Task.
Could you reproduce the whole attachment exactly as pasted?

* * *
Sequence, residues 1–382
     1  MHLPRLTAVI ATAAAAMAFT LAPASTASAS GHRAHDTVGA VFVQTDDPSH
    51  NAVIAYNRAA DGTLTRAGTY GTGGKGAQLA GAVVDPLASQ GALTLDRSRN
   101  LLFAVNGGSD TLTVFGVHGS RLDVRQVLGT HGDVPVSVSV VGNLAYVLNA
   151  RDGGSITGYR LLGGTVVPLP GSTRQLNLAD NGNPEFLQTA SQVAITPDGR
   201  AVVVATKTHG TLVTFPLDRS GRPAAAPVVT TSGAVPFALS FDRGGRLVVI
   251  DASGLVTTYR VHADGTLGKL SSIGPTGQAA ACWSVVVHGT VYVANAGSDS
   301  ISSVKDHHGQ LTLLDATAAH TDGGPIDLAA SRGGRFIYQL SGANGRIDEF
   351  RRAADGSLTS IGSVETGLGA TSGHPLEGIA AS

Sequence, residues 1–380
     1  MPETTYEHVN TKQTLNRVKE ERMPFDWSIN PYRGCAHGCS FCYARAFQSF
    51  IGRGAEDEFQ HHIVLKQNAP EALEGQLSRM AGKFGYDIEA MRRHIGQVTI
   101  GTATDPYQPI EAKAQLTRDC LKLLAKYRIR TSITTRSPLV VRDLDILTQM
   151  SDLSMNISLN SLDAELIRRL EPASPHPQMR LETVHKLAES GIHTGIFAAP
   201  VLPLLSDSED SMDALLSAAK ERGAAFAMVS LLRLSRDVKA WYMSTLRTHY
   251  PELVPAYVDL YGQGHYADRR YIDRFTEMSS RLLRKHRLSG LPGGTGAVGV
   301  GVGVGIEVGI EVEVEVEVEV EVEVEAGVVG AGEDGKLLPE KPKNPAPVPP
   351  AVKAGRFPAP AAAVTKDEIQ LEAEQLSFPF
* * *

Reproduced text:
Sequence, residues 1–382
     1  MHLPRLTAVI ATAAAAMAFT LAPASTASAS GHRAHDTVGA VFVQTDDPSH
    51  NAVIAYNRAA DGTLTRAGTY GTGGKGAQLA GAVVDPLASQ GALTLDRSRN
   101  LLFAVNGGSD TLTVFGVHGS RLDVRQVLGT HGDVPVSVSV VGNLAYVLNA
   151  RDGGSITGYR LLGGTVVPLP GSTRQLNLAD NGNPEFLQTA SQVAITPDGR
   201  AVVVATKTHG TLVTFPLDRS GRPAAAPVVT TSGAVPFALS FDRGGRLVVI
   251  DASGLVTTYR VHADGTLGKL SSIGPTGQAA ACWSVVVHGT VYVANAGSDS
   301  ISSVKDHHGQ LTLLDATAAH TDGGPIDLAA SRGGRFIYQL SGANGRIDEF
   351  RRAADGSLTS IGSVETGLGA TSGHPLEGIA AS

Sequence, residues 1–380
     1  MPETTYEHVN TKQTLNRVKE ERMPFDWSIN PYRGCAHGCS FCYARAFQSF
    51  IGRGAEDEFQ HHIVLKQNAP EALEGQLSRM AGKFGYDIEA MRRHIGQVTI
   101  GTATDPYQPI EAKAQLTRDC LKLLAKYRIR TSITTRSPLV VRDLDILTQM
   151  SDLSMNISLN SLDAELIRRL EPASPHPQMR LETVHKLAES GIHTGIFAAP
   201  VLPLLSDSED SMDALLSAAK ERGAAFAMVS LLRLSRDVKA WYMSTLRTHY
   251  PELVPAYVDL YGQGHYADRR YIDRFTEMSS RLLRKHRLSG LPGGTGAVGV
   301  GVGVGIEVGI EVEVEVEVEV EVEVEAGVVG AGEDGKLLPE KPKNPAPVPP
   351  AVKAGRFPAP AAAVTKDEIQ LEAEQLSFPF